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Senate passes Raoul’s fix of eavesdropping law

Posted by Admin On June - 3 - 2014

Legislation reasonably defines which conversations are private

SPRINGFIELD, IL  – Illinois State Senator Kwame Raoul (D-Chicago 13th) brought to the Senate floor a reasonable and carefully crafted eavesdropping measure in response to a recent Supreme Court ruling that invalidated Illinois’ approach to recording conversations. The Senate approved the legislation with broad bipartisan support.

“I feel strongly that it would be irresponsible to adjourn without settling this area of the law and setting commonsense boundaries that respect both freedom and privacy,” Raoul said. “I’ve negotiated this balanced approach with the state’s attorneys, always keeping public safety and privacy rights at the forefront.”

On March 20 of this year, the Illinois Supreme Court ruled that the state’s eavesdropping law was overbroad because it prohibited anyone from recording any conversation without the consent of all parties – even when the conversation took place in public and could be easily heard by bystanders.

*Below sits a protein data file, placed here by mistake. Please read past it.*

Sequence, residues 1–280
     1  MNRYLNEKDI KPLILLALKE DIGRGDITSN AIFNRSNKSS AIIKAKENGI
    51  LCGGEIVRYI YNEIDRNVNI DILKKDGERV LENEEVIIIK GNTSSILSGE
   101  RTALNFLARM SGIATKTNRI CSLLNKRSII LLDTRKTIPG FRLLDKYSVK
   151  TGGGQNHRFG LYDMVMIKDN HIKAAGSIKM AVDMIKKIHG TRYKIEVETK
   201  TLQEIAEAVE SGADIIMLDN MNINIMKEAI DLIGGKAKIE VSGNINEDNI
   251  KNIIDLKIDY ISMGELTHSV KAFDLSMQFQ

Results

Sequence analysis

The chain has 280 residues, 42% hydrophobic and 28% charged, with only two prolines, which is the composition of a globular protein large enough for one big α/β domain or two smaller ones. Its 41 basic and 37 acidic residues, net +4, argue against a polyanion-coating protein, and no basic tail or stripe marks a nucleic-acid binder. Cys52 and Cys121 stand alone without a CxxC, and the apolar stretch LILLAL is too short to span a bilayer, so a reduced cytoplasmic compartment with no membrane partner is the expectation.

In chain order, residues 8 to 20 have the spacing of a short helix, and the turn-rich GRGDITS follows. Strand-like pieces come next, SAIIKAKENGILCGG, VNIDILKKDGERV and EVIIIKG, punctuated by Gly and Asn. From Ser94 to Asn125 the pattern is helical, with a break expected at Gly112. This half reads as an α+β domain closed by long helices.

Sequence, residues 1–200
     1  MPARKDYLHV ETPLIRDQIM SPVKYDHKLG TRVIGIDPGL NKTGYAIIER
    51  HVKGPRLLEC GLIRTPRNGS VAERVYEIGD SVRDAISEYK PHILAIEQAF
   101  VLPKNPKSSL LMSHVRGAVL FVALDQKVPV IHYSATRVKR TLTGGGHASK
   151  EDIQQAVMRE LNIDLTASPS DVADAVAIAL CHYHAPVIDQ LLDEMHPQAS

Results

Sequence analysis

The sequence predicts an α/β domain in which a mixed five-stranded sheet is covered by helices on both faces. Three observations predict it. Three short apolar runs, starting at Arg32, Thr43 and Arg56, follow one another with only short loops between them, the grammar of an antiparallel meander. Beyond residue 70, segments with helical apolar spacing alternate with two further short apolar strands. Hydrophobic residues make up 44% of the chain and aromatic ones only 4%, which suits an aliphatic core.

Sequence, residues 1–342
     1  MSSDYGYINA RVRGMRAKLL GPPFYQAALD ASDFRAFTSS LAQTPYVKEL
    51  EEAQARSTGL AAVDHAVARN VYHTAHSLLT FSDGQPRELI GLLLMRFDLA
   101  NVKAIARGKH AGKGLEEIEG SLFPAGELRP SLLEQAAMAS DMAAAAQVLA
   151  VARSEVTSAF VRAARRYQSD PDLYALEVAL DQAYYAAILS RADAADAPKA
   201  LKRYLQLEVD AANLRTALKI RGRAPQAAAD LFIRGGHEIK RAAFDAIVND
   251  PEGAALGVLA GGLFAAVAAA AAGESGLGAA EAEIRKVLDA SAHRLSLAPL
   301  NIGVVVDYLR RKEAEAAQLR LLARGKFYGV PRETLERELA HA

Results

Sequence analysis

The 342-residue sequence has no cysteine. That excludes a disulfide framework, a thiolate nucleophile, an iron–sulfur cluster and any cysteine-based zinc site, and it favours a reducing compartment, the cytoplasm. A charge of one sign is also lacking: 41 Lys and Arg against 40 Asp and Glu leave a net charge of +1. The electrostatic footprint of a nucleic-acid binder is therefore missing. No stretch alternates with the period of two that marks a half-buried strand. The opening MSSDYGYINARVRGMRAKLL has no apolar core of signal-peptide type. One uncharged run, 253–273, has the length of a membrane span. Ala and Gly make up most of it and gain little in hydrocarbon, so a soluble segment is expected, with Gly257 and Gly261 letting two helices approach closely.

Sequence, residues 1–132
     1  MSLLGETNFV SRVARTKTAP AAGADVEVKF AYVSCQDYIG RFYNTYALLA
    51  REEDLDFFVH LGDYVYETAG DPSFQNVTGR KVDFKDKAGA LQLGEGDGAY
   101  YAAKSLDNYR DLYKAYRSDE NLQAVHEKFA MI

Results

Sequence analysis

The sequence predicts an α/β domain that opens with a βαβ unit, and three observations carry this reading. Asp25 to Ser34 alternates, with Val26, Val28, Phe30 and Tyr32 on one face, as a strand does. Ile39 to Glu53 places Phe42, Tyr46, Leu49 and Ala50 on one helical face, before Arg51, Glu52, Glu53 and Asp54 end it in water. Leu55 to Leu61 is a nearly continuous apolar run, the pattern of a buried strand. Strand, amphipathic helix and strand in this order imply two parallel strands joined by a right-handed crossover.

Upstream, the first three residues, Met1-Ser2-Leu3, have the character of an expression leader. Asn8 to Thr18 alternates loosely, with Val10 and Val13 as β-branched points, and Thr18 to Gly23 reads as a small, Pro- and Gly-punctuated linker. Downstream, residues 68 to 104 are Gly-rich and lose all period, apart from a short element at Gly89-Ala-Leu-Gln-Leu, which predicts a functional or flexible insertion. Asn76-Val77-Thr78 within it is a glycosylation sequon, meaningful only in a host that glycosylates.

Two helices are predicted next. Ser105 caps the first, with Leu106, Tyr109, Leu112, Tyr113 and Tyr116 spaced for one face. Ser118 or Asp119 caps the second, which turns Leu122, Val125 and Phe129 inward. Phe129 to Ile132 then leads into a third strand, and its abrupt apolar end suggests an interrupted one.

Raoul’s rewrite of the eavesdropping law specifies that someone is only guilty of eavesdropping if he or she surreptitiously records or uses an eavesdropping device to listen in on a private conversation. It defines a private conversation as one that at least one of the parties reasonably considers to be private. It also expands the circumstances under which law enforcement can record a conversation between an undercover officer and a suspect or suspects to include not only drug deals but investigations of suspected plots to commit other serious offenses, such as murder, sexual assault and gunrunning.

“Our previous law, which landed honest citizens in prison just for recording an encounter with a police officer on a public sidewalk, didn’t make sense, but the complete absence of an eavesdropping law doesn’t make sense either,” Raoul said. “This legislation would draw a prudent line between public and private conversations, and I would urge my colleagues in the House to work with me to put this distinction into law as soon as possible.”

The House must approve the changes Raoul made in the Senate before the legislation can be signed into law.

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